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The character of the Nurse in this play is a very interesting one to analyse. Of course, in Act II scene 5 she brings Juliet news from Romeo about where and when to meet Romeo to marry him. Yet interestingly when she first enters she deliberately "plays" with Juliet, complaining about her health and keeping Juliet in suspense before delivering the news that the Nurse knows she wants so much to hear:
I am aweary, give me leave awhile.
Fie, how my bones ache! What a jaunce have I!
She then goes on to talk about the relative merits of Romeo as a man, commenting on his physical qualities, until finally giving her the news that she has been waiting for:
Then hie you hence to Friar Laurence's cell;
There stays a husband to make you a wife.
Throughout she mocks Juliet and makes fun of her, refering to the "wanton blood" in her cheeks.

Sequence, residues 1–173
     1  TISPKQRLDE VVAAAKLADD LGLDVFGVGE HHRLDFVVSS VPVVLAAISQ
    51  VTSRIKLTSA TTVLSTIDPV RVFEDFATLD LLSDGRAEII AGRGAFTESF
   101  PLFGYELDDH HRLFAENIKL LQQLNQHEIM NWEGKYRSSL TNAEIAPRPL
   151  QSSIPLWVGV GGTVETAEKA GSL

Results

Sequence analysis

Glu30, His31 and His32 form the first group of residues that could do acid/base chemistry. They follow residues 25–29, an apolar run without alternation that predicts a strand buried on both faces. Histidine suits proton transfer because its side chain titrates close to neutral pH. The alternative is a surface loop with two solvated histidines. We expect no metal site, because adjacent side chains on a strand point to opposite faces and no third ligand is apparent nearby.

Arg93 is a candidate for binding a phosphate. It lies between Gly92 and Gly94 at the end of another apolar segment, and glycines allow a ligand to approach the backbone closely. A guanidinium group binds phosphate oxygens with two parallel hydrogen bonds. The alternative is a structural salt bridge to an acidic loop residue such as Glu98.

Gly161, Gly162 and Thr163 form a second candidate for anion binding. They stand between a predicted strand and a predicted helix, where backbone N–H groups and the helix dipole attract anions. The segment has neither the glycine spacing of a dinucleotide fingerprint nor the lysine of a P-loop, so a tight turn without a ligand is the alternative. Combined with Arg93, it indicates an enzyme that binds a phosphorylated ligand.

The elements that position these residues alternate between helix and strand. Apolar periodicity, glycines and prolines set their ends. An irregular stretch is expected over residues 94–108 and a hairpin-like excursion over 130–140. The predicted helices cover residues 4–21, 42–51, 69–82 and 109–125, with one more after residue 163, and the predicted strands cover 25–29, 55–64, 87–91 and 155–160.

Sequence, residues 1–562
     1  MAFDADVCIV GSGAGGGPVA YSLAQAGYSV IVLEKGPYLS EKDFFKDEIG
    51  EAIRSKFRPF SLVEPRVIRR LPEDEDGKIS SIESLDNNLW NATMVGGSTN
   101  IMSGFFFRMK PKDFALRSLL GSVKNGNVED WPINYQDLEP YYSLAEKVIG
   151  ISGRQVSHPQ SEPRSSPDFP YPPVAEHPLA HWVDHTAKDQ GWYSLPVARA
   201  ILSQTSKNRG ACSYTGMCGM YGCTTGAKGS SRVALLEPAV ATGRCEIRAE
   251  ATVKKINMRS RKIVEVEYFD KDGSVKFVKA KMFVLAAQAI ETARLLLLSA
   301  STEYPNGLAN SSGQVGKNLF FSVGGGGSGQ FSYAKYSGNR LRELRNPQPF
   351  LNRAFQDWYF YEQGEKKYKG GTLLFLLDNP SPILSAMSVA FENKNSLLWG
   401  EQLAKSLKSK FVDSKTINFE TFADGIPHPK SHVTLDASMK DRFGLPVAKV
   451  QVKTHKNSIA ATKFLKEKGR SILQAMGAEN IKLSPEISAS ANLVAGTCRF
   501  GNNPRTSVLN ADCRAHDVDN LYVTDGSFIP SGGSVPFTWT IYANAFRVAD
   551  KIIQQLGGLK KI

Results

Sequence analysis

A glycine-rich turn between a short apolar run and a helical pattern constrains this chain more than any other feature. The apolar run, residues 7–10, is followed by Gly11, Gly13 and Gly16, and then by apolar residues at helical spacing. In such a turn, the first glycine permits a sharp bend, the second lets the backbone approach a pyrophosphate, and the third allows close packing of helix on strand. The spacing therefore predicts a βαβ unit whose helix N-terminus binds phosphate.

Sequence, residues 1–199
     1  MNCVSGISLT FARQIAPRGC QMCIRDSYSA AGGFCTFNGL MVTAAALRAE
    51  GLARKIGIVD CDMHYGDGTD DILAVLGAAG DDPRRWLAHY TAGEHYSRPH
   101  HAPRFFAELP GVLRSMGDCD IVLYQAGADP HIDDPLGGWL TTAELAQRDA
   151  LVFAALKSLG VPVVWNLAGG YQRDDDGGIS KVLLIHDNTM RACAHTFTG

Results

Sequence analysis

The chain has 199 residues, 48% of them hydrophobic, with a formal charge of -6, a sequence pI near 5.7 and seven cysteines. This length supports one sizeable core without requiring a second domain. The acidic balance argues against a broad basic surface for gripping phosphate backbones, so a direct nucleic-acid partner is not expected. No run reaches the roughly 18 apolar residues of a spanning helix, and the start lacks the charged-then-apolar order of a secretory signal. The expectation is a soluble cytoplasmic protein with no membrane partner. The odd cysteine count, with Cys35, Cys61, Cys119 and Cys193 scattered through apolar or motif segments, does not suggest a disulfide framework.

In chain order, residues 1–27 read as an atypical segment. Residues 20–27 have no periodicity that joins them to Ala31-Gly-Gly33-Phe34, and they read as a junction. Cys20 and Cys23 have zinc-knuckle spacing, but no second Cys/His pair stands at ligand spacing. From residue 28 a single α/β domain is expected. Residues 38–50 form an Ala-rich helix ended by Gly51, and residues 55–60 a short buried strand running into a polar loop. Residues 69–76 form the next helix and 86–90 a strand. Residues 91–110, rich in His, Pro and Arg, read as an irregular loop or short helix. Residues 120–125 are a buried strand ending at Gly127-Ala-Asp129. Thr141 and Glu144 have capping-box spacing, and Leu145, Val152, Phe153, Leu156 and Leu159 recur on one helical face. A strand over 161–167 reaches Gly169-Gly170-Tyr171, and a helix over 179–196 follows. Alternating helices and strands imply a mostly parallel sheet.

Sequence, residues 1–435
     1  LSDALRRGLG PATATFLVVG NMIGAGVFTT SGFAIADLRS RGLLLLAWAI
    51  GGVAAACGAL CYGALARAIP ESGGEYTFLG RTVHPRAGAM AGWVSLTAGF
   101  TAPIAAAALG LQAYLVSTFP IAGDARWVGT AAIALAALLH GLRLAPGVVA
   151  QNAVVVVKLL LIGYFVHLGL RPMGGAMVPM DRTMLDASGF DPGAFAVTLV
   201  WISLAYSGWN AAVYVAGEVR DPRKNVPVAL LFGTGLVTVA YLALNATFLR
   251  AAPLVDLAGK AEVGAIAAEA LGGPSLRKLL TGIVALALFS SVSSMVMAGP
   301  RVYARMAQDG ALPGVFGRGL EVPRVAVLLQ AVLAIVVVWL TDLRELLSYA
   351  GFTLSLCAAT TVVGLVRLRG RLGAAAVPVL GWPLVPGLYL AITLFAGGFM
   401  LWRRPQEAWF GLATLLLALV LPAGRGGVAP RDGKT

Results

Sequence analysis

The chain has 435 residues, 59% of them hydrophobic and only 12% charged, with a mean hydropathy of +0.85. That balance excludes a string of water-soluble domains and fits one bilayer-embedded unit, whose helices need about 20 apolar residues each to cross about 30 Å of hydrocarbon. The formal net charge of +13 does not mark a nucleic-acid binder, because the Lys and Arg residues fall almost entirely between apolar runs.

If we compare her presentation in this scene with her first entrance in the play, Act I scene iii, the Nurse is similar in terms of being a character who provides humour and is shown to be annoying Lady Capulet. She also is very much in favour of her charge marrying, especially to "such a man" as Paris, who is "a man of wax," in her words. However, what is key to note is the way that in the later scene, the Nurse comes to deliberately defy what she knows to be the will of her mistress by helping to organise a marriage between her charge and a Montague--the rival family that is so bitterly in conflict with the Capulets. In spite of her apparent approval of Paris as a match for Juliet, she goes behind her employer's back to help Juliet create an illicit liaison with Romeo.
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